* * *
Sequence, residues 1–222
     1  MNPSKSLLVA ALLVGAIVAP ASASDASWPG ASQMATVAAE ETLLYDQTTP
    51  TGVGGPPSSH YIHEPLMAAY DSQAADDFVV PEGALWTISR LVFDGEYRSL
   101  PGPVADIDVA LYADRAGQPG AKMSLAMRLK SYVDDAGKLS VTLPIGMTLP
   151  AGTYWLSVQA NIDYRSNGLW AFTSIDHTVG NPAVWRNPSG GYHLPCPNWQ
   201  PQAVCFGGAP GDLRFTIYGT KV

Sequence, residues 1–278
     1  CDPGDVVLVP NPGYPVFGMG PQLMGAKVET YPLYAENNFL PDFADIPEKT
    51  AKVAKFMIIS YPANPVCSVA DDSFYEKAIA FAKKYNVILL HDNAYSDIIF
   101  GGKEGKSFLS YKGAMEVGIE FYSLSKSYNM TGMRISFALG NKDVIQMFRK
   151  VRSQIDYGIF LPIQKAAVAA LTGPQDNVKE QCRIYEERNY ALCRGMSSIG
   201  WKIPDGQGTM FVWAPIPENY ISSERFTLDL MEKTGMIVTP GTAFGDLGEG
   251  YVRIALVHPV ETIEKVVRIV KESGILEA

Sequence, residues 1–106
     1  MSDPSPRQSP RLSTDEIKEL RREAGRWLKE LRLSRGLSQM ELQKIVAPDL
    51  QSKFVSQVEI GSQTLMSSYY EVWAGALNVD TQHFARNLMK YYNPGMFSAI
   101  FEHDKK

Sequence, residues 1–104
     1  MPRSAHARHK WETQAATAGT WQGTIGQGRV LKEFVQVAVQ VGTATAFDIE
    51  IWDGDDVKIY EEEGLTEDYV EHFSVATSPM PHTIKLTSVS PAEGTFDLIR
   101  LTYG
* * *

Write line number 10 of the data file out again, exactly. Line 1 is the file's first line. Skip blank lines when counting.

   101  GGKEGKSFLS YKGAMEVGIE FYSLSKSYNM TGMRISFALG NKDVIQMFRK